We wish Mary well and hope that the experience with LHSA stands her in good stead in her future career!  Although it’s the end for Mary, LHSA’s volunteer programme continues with the arrival next month of a new volunteer, Claire Kirkpatrick, who completed a volunteer training day with us earlier this year and will now take up a longer term placement.

If you're interested in volunteering at LHSA, please see our volunteer application form.

Objects day

This week we have held an ‘Objects Day’, focussing solely on the cataloguing and re-housing of objects received amongst a number of recent accessions.

LHSA collects the historically important local records of NHS hospitals and other health-related organisations, and whilst this largely consists of paper-based material, LHSA also holds approximately 1,000 objects. Objects can play an important part in informing us about the past, particularly where paper records are incomplete.

Objects have distinct archival requirements and ensuring that they are catalogued and conserved appropriately is a real team effort. They are each assigned a unique reference number and catalogued separately from the paper-based collections by our Assistant Archivist, Laura. A description of each object (materials used, dimensions, any information about where it has come from etc.) is entered into a specially designed database and the objects are then passed to our Archive Assistant, Stephen, to be photographed so that there is an image to go with each database entry. This means that we can find information about our object collection quickly and easily in order to respond to enquiries and to identify suitable items for displays or exhibitions. Finally, our Paper Conservator, Ruth, assesses the objects’ conservation needs and houses them accordingly to ensure they can be stored with a minimum risk of future damage and decay. 

Stephen, Ruth and Laura at work
The description of each object is very important because, without the story behind them, the objects carry little archive information and it may be difficult to identify what they are or ascertain their purpose. For example, earlier this year we received an unused pair of nurse’s gloves (LHSA reference O456) as part of an accession. These are made of white leather, are 27cm long and date from about the 1950s. White leather gloves are not very practical for a nurse you might think but the depositor was able to tell us the story behind them. Each ward on the Royal Infirmary of Edinburgh had one 24 hour ‘waiting day’ per week. This was the day on which that ward received any emergency patients. On the extremely rare occasions when 24 hours went by without an admission, the Ward Sister would be presented with a pair of these white gloves.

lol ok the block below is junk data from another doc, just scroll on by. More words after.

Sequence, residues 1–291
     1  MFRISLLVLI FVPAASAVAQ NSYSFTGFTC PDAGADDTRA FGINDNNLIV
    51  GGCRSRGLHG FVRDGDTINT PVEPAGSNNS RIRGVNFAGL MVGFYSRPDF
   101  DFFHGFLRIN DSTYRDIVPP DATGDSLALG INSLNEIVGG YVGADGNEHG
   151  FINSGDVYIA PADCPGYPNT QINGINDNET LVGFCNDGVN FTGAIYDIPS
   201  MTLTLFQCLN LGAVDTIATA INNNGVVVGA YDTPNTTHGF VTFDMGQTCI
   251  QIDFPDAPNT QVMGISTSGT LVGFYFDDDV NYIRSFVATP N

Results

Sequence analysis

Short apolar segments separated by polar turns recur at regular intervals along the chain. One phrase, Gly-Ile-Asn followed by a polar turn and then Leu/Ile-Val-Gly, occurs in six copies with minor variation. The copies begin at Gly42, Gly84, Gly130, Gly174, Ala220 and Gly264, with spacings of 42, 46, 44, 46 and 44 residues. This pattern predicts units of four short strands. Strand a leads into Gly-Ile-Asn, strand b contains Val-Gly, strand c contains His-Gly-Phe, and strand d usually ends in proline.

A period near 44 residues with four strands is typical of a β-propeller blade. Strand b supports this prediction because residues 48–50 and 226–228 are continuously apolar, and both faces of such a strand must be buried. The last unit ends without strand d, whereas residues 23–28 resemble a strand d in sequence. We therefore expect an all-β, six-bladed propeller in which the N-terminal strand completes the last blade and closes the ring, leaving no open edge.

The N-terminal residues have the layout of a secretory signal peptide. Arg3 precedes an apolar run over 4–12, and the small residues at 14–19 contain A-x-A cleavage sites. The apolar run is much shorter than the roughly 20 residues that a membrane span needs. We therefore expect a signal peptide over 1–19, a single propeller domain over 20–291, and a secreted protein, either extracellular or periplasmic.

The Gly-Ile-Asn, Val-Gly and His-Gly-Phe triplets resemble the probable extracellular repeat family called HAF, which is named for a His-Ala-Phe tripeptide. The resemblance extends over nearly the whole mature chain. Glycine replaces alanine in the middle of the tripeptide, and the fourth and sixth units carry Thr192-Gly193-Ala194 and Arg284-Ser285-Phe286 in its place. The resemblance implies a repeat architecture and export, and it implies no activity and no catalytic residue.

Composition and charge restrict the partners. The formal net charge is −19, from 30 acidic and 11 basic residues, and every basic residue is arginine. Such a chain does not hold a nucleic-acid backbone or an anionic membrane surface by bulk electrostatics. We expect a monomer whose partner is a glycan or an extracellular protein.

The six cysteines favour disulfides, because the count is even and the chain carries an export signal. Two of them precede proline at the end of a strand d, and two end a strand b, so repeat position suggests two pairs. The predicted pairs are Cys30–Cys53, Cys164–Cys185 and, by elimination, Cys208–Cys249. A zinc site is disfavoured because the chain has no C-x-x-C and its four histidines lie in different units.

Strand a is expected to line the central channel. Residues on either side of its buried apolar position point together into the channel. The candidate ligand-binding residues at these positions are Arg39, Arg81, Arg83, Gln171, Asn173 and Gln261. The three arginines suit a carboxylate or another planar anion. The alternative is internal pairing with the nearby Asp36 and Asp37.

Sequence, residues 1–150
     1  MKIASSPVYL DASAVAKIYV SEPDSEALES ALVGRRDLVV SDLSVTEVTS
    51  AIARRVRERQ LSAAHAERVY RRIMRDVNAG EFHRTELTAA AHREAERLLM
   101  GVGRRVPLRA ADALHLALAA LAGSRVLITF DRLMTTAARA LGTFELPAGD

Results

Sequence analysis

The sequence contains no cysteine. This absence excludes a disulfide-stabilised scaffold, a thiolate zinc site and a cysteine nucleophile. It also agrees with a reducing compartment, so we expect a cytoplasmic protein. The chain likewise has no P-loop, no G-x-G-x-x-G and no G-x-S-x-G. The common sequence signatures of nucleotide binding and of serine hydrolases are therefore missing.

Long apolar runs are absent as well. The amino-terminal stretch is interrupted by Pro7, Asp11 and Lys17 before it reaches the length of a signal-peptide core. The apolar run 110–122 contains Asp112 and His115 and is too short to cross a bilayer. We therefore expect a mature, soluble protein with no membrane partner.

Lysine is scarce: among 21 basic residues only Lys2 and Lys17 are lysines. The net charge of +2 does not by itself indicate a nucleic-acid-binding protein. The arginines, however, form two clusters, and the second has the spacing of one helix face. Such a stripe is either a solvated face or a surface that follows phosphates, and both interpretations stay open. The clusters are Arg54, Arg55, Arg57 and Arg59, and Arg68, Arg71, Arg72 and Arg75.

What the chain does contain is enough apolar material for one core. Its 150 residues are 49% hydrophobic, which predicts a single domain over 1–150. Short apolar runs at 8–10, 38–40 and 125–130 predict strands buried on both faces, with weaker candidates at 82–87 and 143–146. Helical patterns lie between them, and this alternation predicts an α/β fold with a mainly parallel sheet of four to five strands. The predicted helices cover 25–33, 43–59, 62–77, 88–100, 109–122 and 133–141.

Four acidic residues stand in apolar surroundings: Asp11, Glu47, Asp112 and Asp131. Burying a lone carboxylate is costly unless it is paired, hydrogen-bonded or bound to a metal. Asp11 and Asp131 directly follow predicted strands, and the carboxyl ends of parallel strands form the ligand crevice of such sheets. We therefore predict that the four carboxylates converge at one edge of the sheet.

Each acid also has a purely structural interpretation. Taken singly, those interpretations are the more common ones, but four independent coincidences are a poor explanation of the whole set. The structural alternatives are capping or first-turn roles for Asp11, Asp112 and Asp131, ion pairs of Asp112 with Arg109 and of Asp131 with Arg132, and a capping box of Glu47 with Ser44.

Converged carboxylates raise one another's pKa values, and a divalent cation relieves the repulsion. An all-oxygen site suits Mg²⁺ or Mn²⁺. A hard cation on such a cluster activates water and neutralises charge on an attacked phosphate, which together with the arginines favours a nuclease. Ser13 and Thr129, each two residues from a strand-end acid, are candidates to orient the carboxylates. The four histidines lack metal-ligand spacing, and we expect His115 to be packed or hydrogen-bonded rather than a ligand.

Nurse's Gloves (Object O456)

New accession: the Bacillus!

A remarkable newspaper created to raise funds for the Royal Victoria Hospital has recently found its way to us through rather unusual means! The Bacillus, a humorous evening paper which ran to four editions in November 1905, was produced to coincide with a fundraising fair held at the Waverley Market under the patronage of Queen Alexandra. It was discovered at a car boot sale in Dorset earlier this year, sold by a person involved in house clearances! Quite how it came to be so far from Edinburgh is unclear but thanks to the endeavours of the purchaser, it has been restored to its original city and will now form part of our collection here at LHSA.

It provides a fascinating insight into the times and is an invaluable source of social history with light-hearted poems about well known members of society, commentary on events and mock adverts for products such as ‘Snips for Snobs; or, The Etiquette Book Revised’. The ‘Fashion Notes’ section commented that “it is not yet decided what are to take their places, but we hear that stockings are to be suspended”! In the rather gloomy editorial entitled ‘The Universe in November 1905’, the excerpt below remarks that the Scottish football team “came very near it” appearing to confirm that very little changes, at least in that respect.

If you would like to make an appointment to view the newspaper, or think you have something that could be deposited in the Archive, please contact us.

For more information about the Royal Victoria Hospital, please see our catalogue.